He also relied far too heavily on isolation plays. In other words, far too many things haven't changed since the regular season, per Lowe:

But Jackson has continued to play five-man bench units, and the Dubs’ offense, mediocre all season, goes through stretches in which it is over-reliant on isolation. A full 52 percent of Golden State’s possessions this season ended after two or fewer passes, the highest such share in the league, per SportVU data provided to Grantland.

More broadly, Jackson simply hasn't gotten the kind of production he should have from such an offensively skillful lineup. With a handful of exceptions, Jackson's offensive philosophy basically involves rolling the ball out and letting talent do what it does.

That's not an opinion; it's his stated position. Here's what he told B/R's Matt Steinmetz, then with CSN Bay Area, before the 2012-13 season:

I think when you look on the floor, the weapons we have, you don't really have to be creative. Those guys can score. If you look at the great coaches or the great teams, there's nothing creative about throwing the ball to Michael Jordan on the foul line or Kobe on the wing. That's not creative. That's just some bad boys getting it done when it matters most.

When an offense that features "the best shooting backcourt in the history of the game," an insanely talented offensive forward in Lee and two brilliant glue guys in Bogut and Iguodala scores at a rate that ranks 12th in the league, it's a good sign that a little creativity might be in order.

This ties back to the key issue that could very well cost Jackson his job: There's a growing perception that the Dubs just aren't meeting their potential with him at the helm.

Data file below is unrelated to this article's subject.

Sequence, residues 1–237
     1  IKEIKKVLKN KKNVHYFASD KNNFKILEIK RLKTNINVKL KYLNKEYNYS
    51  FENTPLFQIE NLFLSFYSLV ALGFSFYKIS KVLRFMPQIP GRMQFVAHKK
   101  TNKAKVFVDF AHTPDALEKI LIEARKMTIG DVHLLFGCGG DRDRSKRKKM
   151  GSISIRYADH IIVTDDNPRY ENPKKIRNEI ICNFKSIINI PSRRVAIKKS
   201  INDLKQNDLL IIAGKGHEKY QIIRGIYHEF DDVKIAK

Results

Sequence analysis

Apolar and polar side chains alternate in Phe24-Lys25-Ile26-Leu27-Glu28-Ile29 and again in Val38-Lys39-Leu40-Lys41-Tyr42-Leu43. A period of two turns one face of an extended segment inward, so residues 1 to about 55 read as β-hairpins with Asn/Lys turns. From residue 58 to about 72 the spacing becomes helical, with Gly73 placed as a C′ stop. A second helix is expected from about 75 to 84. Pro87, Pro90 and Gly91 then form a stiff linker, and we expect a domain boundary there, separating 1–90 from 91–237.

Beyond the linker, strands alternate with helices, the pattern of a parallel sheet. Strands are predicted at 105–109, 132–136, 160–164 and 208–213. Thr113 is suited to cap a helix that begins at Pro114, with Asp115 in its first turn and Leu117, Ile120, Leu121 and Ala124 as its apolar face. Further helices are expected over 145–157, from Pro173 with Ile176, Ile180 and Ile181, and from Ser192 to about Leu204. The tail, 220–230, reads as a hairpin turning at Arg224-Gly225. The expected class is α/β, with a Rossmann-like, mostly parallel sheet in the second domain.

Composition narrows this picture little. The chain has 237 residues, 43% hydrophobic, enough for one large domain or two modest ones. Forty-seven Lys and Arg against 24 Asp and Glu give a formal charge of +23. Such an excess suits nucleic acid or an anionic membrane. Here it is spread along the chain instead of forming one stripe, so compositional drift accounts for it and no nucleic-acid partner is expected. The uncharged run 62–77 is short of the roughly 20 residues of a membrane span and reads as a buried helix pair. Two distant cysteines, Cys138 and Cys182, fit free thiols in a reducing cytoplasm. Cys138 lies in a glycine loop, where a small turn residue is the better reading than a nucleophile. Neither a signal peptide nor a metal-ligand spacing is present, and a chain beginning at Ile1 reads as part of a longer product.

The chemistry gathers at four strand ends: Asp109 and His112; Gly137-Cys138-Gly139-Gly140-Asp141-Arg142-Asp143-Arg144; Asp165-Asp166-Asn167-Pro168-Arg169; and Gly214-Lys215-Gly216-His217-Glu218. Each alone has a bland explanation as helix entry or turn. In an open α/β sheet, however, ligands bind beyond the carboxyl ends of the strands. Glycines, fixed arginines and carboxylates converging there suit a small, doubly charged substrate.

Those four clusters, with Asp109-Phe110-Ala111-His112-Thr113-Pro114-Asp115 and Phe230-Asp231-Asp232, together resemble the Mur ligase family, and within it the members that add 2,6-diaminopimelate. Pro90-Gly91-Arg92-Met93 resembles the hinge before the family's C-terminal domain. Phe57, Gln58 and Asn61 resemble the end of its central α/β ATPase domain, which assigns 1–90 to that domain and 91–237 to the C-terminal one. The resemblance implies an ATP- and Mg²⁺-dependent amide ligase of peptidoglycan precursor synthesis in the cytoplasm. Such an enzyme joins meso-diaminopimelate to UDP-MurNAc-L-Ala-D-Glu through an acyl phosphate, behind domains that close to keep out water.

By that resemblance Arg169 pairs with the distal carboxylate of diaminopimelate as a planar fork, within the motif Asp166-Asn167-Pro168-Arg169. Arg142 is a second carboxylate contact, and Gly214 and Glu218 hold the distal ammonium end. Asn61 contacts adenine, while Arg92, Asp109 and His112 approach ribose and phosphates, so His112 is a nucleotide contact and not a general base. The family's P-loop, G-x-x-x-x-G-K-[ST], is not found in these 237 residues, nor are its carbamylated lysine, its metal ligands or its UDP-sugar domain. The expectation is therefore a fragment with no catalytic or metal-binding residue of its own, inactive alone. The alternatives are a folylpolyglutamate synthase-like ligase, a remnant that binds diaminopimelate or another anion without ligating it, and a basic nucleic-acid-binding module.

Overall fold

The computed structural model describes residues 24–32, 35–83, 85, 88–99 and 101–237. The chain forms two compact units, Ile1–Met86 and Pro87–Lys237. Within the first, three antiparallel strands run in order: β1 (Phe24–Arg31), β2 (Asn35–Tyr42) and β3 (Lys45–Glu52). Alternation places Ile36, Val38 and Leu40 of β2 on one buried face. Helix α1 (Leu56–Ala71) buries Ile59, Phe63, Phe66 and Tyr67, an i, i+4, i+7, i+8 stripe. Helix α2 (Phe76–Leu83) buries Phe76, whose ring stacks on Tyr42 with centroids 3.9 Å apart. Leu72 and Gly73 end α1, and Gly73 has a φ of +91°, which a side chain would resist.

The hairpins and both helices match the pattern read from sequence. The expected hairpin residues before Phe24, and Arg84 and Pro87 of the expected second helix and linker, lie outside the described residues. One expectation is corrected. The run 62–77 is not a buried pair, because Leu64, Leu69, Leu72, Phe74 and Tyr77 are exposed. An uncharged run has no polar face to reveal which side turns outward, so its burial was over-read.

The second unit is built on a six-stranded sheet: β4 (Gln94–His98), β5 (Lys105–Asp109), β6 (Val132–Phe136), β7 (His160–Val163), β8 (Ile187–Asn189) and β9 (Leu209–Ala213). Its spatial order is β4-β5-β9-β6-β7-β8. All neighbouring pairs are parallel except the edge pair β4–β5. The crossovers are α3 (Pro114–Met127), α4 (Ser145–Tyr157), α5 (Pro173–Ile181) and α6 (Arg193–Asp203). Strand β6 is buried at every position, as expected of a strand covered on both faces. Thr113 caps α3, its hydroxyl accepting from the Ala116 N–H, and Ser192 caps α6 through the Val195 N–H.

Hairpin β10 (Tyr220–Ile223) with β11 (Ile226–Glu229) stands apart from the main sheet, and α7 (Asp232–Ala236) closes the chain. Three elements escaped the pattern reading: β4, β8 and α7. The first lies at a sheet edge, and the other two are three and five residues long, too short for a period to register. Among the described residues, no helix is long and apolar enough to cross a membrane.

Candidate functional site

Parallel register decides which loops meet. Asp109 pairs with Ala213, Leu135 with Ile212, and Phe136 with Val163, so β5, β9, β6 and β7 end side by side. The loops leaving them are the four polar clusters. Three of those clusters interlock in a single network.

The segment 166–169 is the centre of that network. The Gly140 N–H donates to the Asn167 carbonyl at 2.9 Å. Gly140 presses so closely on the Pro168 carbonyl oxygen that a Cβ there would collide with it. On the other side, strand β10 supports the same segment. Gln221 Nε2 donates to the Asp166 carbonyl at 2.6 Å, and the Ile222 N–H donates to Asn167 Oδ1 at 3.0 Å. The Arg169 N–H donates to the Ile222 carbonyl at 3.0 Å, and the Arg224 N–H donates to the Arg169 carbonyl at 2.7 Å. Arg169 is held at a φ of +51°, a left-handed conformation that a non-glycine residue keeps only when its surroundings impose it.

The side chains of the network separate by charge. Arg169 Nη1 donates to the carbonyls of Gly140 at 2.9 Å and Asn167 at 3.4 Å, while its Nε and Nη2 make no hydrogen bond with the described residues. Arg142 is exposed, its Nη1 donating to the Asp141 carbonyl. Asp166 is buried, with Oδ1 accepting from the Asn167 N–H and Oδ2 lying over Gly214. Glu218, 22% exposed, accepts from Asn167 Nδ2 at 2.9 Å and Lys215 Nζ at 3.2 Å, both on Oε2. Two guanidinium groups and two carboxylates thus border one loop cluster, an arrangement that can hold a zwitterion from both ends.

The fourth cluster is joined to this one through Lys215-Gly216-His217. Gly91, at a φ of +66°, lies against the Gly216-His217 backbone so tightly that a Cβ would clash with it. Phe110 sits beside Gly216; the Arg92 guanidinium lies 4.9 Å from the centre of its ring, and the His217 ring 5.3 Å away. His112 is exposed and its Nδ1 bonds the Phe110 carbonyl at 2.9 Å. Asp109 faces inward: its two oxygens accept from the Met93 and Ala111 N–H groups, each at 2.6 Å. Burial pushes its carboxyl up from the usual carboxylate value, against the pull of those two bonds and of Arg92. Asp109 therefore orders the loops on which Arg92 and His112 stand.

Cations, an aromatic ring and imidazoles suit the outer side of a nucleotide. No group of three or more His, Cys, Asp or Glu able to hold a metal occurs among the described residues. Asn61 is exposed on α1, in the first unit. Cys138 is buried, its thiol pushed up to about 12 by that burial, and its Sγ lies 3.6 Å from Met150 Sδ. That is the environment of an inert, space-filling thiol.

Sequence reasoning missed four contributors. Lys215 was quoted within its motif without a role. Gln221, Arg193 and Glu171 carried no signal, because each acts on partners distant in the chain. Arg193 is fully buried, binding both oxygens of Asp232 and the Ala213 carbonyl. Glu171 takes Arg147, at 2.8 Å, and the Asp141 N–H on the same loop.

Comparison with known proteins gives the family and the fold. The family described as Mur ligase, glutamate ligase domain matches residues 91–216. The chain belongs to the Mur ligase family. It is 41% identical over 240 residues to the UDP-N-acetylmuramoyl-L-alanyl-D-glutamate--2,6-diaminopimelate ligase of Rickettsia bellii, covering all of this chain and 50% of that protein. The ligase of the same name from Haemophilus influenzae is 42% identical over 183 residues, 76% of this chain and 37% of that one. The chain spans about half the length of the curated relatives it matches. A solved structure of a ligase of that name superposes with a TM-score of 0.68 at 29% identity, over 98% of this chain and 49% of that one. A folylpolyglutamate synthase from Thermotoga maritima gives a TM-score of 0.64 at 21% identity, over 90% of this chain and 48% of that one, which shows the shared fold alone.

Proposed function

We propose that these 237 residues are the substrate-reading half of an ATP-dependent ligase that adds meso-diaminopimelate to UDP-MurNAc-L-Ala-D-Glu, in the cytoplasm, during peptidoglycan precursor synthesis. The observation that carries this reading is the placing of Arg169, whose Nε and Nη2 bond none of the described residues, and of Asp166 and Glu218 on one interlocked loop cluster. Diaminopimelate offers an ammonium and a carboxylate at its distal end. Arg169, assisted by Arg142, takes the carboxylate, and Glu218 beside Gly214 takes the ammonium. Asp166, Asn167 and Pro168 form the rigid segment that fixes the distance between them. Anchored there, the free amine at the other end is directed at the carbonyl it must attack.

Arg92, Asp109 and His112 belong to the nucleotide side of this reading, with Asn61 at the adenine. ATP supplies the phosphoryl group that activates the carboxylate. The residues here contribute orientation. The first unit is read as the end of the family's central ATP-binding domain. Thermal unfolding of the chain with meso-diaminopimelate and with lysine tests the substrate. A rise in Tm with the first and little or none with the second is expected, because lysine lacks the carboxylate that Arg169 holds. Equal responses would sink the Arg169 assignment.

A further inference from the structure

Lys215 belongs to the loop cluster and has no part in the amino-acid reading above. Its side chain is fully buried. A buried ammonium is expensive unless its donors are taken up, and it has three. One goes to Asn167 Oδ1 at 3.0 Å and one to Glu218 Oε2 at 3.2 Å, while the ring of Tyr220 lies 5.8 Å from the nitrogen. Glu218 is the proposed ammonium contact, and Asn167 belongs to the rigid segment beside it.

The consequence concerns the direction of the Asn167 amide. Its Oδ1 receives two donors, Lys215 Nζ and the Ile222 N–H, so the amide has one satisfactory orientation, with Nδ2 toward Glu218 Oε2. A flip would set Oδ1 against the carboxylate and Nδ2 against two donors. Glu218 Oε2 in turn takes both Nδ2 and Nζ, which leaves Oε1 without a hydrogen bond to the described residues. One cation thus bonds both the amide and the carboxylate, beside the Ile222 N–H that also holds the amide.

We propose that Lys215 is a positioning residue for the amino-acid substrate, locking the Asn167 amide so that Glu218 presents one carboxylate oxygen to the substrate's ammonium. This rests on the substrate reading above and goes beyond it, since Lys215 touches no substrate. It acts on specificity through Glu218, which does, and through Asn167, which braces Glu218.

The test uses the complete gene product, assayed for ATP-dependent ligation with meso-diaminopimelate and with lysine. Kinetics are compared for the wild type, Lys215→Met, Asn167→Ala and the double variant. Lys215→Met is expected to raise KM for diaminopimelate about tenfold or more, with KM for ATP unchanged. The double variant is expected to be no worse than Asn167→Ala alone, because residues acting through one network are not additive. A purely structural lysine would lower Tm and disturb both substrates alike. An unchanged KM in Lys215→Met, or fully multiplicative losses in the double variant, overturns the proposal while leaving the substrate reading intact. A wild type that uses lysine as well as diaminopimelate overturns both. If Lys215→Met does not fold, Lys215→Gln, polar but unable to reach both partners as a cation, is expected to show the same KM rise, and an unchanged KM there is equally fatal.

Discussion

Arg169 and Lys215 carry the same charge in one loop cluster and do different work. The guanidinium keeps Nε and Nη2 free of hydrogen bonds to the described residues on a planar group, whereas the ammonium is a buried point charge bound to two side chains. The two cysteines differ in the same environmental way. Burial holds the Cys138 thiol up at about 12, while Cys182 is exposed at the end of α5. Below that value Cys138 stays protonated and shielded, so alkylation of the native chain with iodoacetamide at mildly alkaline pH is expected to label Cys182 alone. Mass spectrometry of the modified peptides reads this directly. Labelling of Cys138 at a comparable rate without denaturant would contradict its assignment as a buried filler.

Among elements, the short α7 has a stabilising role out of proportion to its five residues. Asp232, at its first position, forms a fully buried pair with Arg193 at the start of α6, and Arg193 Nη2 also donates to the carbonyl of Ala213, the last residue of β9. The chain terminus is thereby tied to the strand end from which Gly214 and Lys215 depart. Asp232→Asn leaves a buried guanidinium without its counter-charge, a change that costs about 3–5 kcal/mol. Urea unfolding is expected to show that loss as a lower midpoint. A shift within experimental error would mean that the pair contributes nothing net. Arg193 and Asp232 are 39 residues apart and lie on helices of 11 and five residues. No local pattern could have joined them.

Is there somebody else out there who could do a better job? Maybe not.

Is it fair to bury a coach for a stagnant offense when his team's defense ranked third in the league? It's hard to say.

Nobody ever said being an NBA coach involved fair assessments of the big picture.

At any rate, Jackson never made the necessary tweaks during the year—not to his offense and certainly not to his locker room. At least in terms of the former, he's not making them in the playoffs, either.

The Clippers' trap continues to kill the Warriors, forcing the ball out of Curry's hands and creating turnovers. And Jackson hasn't yet figured out a way to get shots for a guy—Curry—who needs about a millimeter of space to fire them off.

LOS ANGELES, CA - APRIL 29: Mark Jackson of the Golden State Warriors directs Stephen Curry #30 during Game Five of the Western Conference Quarterfinals against the Los Angeles Clippers at Staples Center on April 29, 2014 in Los Angeles, California. NOTE
Noah Graham/Getty Images

And those bench units are still getting time, giving away leads and forcing the starters to work harder than they'd otherwise have to.

There are solutions to the issues plaguing the Warriors.

Move Curry off the ball more. Implement something, anything, on the weak side to keep the Clippers' defense from completely flooding the strong side when Curry has the ball. Use Lee as that ultra-dangerous release valve on the pick-and-roll until the Clippers have to honor him in the middle of the floor.

A little rational thought should produce changes and, maybe, a solution or two.

But Jackson is all about faith. He's a guy who stays true to what he believes regardless of the new information in front of him. That stubbornness explains his dealings with assistant coaches, and it's a direct cause of Golden State's predictable attack.

Jackson is out of time. He has to make adjustments now.

If he can't, the only tweak he'll be making will be to his resume. It'll read "former head coach of the Golden State Warriors."